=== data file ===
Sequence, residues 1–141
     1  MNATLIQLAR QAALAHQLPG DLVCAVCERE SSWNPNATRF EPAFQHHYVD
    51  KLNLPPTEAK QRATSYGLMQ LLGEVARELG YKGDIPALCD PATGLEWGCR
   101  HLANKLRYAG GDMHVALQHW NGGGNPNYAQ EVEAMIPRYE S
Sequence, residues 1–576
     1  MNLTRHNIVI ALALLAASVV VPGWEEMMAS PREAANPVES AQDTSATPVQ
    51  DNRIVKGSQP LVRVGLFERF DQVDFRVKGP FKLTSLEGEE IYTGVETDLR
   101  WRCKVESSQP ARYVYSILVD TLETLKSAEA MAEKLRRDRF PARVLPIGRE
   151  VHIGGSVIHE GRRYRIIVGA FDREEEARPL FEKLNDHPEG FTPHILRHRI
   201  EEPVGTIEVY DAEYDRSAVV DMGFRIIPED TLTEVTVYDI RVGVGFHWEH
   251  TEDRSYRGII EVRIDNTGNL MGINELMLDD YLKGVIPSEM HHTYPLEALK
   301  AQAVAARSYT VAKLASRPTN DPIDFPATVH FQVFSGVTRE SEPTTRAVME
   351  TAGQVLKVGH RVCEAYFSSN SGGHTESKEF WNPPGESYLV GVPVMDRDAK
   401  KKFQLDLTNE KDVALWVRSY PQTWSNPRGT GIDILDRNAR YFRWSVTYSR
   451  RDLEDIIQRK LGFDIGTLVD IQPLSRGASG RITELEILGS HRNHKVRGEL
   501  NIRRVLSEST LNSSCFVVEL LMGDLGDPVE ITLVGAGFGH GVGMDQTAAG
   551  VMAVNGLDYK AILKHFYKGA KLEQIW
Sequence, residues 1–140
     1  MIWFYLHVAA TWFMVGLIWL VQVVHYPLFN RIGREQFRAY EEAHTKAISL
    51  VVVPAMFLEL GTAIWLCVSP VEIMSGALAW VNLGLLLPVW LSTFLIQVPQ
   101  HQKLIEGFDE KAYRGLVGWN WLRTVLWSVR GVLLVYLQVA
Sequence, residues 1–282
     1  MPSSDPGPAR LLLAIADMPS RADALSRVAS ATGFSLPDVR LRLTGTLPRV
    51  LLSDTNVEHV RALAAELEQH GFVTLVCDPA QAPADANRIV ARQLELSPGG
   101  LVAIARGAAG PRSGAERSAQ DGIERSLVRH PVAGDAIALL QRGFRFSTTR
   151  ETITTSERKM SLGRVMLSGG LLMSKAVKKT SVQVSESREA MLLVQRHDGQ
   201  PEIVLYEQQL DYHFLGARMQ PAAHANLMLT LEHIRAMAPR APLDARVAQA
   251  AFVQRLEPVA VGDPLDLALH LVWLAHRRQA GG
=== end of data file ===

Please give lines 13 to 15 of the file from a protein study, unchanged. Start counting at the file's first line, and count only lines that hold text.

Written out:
   351  TAGQVLKVGH RVCEAYFSSN SGGHTESKEF WNPPGESYLV GVPVMDRDAK
   401  KKFQLDLTNE KDVALWVRSY PQTWSNPRGT GIDILDRNAR YFRWSVTYSR
   451  RDLEDIIQRK LGFDIGTLVD IQPLSRGASG RITELEILGS HRNHKVRGEL